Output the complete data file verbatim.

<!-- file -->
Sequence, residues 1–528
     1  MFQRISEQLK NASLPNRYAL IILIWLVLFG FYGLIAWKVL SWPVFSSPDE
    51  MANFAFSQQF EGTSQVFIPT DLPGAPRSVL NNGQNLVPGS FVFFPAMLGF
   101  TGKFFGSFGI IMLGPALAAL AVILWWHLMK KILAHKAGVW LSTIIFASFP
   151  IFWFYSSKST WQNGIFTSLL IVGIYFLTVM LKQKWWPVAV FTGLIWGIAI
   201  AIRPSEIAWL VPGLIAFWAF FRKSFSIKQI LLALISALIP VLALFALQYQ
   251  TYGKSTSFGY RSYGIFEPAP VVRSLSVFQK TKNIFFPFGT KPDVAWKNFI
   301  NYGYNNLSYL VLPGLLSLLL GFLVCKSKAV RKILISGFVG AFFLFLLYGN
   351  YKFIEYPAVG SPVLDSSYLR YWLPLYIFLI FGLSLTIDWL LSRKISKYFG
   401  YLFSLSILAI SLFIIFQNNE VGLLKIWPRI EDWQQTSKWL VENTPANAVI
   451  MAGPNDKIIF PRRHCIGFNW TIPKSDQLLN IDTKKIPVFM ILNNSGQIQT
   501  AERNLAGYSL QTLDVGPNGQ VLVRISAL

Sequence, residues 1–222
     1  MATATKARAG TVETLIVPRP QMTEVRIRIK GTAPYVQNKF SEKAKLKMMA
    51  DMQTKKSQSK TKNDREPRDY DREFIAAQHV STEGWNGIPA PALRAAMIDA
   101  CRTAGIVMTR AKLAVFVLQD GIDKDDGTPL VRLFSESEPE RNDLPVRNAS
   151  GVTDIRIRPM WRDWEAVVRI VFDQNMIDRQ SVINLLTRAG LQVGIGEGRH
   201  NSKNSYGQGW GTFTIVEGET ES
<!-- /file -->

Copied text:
Sequence, residues 1–528
     1  MFQRISEQLK NASLPNRYAL IILIWLVLFG FYGLIAWKVL SWPVFSSPDE
    51  MANFAFSQQF EGTSQVFIPT DLPGAPRSVL NNGQNLVPGS FVFFPAMLGF
   101  TGKFFGSFGI IMLGPALAAL AVILWWHLMK KILAHKAGVW LSTIIFASFP
   151  IFWFYSSKST WQNGIFTSLL IVGIYFLTVM LKQKWWPVAV FTGLIWGIAI
   201  AIRPSEIAWL VPGLIAFWAF FRKSFSIKQI LLALISALIP VLALFALQYQ
   251  TYGKSTSFGY RSYGIFEPAP VVRSLSVFQK TKNIFFPFGT KPDVAWKNFI
   301  NYGYNNLSYL VLPGLLSLLL GFLVCKSKAV RKILISGFVG AFFLFLLYGN
   351  YKFIEYPAVG SPVLDSSYLR YWLPLYIFLI FGLSLTIDWL LSRKISKYFG
   401  YLFSLSILAI SLFIIFQNNE VGLLKIWPRI EDWQQTSKWL VENTPANAVI
   451  MAGPNDKIIF PRRHCIGFNW TIPKSDQLLN IDTKKIPVFM ILNNSGQIQT
   501  AERNLAGYSL QTLDVGPNGQ VLVRISAL

Sequence, residues 1–222
     1  MATATKARAG TVETLIVPRP QMTEVRIRIK GTAPYVQNKF SEKAKLKMMA
    51  DMQTKKSQSK TKNDREPRDY DREFIAAQHV STEGWNGIPA PALRAAMIDA
   101  CRTAGIVMTR AKLAVFVLQD GIDKDDGTPL VRLFSESEPE RNDLPVRNAS
   151  GVTDIRIRPM WRDWEAVVRI VFDQNMIDRQ SVINLLTRAG LQVGIGEGRH
   201  NSKNSYGQGW GTFTIVEGET ES